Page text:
I suspect depending on a persons home you can reduce the costs a little further depending on setup, we've got 16 panels rated at 315w each with 8/8 split East and West for a combined total of 5.04 kWp. As stated earlier due to the split panels on our house and the inventor the generation will never go over the DNO limit of 3.68 kW thus if you had a south facing house or stuck all the panels on one side of the house you could do that with 12 panels rated at 315w.
 

Embattle

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Finally the first few days with some quality sun, already beaten last February solar energy generation with one day left.
 

Embattle

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Tesla Trouble

So for over a month now, since 24/02/2021, our Tesla Powerwall system has been detecting what could be best described as false power outages. In essence it kept clicking over to the backup supply even when there was seemingly no issue, in fact from the 24/02 to 30/03 it had 287 backup events with up to 35 in one day alone.

So to troubleshoot this I contacted Western Power Distribution who checked everything up to the meter, all was fine so I then ran a 46 hour test where the Tesla and Solar was turned off. The outcome showed at no time did we lose power or have any light flicker when we were on only the mains thus something was either wrong on the Tesla or the wiring. We contacted the installer who contacted Tesla and after a week it seems to of stopped doing it, in essence no false power outages for the last 3 days so I wait to hear back and hope to find out what the issue was with the system.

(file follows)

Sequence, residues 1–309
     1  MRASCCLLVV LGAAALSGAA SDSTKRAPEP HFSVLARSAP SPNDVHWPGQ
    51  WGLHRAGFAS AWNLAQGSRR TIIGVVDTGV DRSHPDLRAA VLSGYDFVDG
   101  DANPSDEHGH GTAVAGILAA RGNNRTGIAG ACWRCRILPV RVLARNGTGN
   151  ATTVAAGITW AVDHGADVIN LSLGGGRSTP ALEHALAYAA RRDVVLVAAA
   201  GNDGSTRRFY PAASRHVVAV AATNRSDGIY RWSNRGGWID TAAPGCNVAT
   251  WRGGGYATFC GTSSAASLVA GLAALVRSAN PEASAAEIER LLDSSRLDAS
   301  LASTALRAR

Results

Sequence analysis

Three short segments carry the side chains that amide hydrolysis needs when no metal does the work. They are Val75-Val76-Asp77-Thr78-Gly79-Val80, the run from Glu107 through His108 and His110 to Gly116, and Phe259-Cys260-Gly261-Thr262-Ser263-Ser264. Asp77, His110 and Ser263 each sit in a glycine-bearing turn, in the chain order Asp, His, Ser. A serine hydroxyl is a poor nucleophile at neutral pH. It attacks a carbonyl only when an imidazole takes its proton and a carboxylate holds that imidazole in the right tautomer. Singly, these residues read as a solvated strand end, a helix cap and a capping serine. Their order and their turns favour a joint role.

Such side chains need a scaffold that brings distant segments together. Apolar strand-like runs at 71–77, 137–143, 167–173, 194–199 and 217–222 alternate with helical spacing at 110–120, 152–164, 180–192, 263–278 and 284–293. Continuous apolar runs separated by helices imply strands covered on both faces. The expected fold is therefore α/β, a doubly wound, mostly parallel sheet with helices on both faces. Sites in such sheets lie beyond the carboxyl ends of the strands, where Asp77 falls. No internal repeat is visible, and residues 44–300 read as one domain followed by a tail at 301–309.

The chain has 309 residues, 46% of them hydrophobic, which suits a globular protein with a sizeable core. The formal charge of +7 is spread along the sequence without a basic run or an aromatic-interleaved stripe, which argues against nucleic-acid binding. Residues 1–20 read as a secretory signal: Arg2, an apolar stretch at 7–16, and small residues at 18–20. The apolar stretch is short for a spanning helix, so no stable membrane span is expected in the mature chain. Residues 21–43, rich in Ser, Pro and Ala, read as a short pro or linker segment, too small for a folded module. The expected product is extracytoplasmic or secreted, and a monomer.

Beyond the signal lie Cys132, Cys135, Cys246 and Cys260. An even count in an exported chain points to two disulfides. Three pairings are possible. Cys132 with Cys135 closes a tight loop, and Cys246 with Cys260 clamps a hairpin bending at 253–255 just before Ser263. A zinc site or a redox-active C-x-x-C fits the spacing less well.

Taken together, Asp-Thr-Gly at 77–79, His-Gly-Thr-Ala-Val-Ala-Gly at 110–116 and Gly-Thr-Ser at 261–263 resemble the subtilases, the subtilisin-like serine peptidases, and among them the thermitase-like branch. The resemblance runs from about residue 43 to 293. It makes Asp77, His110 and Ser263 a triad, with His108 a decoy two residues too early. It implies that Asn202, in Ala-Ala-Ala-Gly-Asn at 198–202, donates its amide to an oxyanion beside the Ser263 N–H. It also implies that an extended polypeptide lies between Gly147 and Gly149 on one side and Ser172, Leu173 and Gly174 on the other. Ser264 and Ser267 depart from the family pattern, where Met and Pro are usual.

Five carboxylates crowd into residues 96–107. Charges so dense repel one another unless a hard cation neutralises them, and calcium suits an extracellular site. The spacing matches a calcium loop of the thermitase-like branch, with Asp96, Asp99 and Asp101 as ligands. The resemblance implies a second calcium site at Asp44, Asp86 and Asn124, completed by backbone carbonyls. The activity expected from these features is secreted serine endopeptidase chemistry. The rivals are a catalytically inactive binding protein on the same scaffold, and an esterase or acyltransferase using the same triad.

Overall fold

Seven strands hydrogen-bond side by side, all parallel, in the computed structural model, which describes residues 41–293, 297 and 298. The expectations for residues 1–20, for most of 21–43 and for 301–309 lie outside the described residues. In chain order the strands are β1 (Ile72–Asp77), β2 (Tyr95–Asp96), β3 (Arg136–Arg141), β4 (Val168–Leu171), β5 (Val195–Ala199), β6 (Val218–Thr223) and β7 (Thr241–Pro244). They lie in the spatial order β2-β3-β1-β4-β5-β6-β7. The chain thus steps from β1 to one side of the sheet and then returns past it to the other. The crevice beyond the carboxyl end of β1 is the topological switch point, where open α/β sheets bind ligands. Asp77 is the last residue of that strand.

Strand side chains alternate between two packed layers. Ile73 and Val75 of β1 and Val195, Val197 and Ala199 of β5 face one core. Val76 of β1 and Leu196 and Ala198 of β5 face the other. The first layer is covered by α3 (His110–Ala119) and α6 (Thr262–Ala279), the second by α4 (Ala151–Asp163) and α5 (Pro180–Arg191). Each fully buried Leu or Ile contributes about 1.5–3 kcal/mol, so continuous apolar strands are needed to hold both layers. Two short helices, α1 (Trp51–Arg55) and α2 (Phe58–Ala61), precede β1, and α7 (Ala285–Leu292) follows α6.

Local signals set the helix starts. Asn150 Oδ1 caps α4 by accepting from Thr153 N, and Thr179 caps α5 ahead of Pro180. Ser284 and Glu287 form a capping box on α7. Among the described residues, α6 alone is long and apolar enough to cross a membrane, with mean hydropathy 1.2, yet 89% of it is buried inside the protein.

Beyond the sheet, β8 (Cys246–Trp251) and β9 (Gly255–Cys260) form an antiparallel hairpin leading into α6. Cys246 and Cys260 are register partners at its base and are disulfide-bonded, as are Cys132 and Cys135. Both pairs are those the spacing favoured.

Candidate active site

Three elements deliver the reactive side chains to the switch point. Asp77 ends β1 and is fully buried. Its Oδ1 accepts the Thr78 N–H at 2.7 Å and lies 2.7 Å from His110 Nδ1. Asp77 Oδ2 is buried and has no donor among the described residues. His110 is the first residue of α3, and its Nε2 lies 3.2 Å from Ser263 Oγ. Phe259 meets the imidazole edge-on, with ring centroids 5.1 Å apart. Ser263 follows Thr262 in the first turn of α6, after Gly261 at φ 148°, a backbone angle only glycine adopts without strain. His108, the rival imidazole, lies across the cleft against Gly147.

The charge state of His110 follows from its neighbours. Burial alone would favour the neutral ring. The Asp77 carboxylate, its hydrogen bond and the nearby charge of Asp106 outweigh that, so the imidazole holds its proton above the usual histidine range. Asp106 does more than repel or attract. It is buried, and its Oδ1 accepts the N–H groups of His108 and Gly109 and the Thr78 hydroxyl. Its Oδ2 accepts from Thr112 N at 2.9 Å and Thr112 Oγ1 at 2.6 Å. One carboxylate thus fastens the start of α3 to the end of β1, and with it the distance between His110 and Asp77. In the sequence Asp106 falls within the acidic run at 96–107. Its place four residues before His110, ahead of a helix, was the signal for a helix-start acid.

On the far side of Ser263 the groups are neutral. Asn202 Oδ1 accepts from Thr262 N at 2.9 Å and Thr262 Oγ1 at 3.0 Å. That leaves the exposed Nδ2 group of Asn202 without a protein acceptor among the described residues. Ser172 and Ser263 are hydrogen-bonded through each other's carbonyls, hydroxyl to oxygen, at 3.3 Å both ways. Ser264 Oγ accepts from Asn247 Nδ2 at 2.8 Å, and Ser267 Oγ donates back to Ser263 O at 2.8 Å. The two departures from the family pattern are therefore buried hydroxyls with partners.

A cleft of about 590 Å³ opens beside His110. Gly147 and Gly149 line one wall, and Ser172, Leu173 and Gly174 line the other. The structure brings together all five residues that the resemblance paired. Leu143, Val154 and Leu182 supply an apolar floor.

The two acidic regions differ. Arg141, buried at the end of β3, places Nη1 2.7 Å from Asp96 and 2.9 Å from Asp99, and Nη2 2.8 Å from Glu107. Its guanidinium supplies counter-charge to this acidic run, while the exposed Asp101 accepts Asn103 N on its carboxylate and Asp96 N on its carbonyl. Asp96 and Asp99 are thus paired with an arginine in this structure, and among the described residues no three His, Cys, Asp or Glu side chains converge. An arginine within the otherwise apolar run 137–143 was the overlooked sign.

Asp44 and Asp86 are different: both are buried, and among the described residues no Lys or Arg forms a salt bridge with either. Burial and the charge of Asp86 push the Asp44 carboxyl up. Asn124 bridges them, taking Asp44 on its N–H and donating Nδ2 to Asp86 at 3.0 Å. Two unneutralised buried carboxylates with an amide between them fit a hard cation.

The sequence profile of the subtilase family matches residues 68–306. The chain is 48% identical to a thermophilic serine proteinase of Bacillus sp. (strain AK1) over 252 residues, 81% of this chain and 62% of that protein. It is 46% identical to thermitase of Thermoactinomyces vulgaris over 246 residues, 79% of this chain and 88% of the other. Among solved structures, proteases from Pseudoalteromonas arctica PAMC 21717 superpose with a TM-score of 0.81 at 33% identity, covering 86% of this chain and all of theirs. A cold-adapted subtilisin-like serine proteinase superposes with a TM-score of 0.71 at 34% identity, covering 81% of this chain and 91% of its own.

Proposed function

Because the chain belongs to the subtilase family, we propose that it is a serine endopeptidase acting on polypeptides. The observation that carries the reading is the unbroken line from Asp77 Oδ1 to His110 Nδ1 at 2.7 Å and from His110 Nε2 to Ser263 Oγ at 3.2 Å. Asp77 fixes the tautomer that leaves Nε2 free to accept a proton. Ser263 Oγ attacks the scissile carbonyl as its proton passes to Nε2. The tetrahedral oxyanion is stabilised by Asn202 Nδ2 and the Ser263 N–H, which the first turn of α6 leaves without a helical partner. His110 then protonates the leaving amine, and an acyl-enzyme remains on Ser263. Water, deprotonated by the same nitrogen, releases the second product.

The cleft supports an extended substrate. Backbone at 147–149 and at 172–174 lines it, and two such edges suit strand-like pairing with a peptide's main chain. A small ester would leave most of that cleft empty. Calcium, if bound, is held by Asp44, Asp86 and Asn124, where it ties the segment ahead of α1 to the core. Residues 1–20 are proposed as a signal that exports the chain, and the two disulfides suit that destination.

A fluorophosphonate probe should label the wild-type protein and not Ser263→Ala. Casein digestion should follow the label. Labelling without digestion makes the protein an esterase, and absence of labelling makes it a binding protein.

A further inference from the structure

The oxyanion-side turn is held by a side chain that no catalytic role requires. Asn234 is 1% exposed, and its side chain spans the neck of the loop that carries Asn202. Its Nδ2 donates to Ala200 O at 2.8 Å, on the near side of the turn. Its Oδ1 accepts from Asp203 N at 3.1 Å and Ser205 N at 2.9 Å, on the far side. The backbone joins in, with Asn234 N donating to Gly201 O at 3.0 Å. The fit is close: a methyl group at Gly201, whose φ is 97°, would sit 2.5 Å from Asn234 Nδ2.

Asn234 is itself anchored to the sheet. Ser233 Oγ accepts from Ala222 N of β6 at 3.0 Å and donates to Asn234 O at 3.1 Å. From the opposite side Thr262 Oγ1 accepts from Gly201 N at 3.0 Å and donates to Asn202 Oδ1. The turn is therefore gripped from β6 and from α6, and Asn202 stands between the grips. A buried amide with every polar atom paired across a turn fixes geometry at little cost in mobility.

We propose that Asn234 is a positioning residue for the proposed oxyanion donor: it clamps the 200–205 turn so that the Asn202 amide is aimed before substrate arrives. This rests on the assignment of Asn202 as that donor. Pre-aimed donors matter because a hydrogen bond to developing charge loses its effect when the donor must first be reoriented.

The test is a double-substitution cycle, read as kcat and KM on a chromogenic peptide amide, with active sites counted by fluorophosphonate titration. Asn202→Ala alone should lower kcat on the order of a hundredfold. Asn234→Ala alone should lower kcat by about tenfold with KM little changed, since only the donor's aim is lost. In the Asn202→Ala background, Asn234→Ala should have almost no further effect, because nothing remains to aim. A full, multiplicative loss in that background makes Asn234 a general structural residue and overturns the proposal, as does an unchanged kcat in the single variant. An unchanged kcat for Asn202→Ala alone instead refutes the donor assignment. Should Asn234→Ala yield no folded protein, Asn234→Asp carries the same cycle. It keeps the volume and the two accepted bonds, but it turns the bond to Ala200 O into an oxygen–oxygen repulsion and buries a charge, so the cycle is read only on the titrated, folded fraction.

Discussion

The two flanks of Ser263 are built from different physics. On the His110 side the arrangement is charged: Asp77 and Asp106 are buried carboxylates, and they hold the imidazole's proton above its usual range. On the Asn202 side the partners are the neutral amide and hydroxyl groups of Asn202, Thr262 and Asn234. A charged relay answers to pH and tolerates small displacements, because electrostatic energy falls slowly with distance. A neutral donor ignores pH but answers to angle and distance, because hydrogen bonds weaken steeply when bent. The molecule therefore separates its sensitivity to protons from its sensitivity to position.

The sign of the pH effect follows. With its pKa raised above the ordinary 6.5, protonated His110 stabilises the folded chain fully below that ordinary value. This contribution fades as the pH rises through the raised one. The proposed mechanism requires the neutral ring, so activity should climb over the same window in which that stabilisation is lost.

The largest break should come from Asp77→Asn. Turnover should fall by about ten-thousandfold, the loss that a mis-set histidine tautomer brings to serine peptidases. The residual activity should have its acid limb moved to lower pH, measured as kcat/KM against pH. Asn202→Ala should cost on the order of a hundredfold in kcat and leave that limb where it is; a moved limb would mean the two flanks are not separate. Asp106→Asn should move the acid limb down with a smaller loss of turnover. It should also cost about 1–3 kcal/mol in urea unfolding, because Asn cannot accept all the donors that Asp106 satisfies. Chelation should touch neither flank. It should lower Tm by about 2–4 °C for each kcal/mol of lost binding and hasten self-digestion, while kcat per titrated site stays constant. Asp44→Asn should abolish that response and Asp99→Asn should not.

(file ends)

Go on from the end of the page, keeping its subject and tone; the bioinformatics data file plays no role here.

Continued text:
More Juice

The last 3 days have all returned above 20 kWh solar generation and yesterday was the first day of the calendar year where the house achieved a performance figure of 99% self-powered, this will be repeated today as well.
 

Moriath

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So hw much will that system cost today? And what savings did you make over the first year?
 

Embattle

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@Moriath This is for the last calendar year:

So here are the numbers for 2020:

Power Flow

Total Home Usage - 7355 kWh (Sources - Solar 31.4% - Powerwall 19.5% - Grid 49.1%)

Solar by Month

Jan - 81.1 kWh
Feb - 144 kWh
Mar - 373 kWh
Apr - 578 kWh
May - 773 kWh
Jun - 560 kWh
Jul - 590 kWh
Aug - 484 kWh
Sep - 369 kWh
Oct - 182 kWh
Nov - 114 kWh
Dec - 31 kWh (Predict maybe 50 kWh by end of month)

Total Solar Produced - 4283 kWh (Energy Destinations - Home 54% - Powerwall 38.7% - To Grid 7.4%)

From Powerwall - 1442 kWh
From Grid - 3670 kWh
To Grid - 322 kWh

Performance 2020

Self Powered - 31% Solar 19% Powerwall
Solar Offset - 7355 kWh Home - 4283 kWh Solar = 58% Energy Offset

Issues

No issues on the products but due to covid we still don't have a Smart meter, this would enable us to use cheap over night rates to fill the Powerwall and take more advantage of the Powerwall during the winter months, instead I just have it setup to keep 70% power in case of power cuts during winter months.

Payback

So if I exclude the Powerwall then the Solar going directly to the house would of been around 2309 kWh and basing it on about 0.17p a kWh that works out around £392 a year saving, you could probably do better with timing of high energy usage devices during peak solar times during summer. If we had a smart meter we could of possibly signed up to getting paid for every kWh we exported and that would be roughly 1764 kWh @ 0.05p per unit resulting in getting paid just over £88. So overall the saving and export means a saving of £480 a year bearing in mind the Solar alone with installation was £5500.

Developments

 

Embattle

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But what was the total cost with the batteries and all
I went through that in one of my previous posts with the solar side costing £5500 and the battery side was £8000, ultimately even with some changes in the future such as getting a smart meter so I can fill it up at night with cheaper electricity it'll probably never recoup its costs. In my opinion and using the figures it has produced the Solar side will cover its costs in 12 years, perhaps 13 when you factor in that the inverter will last 10 years so will need replacing.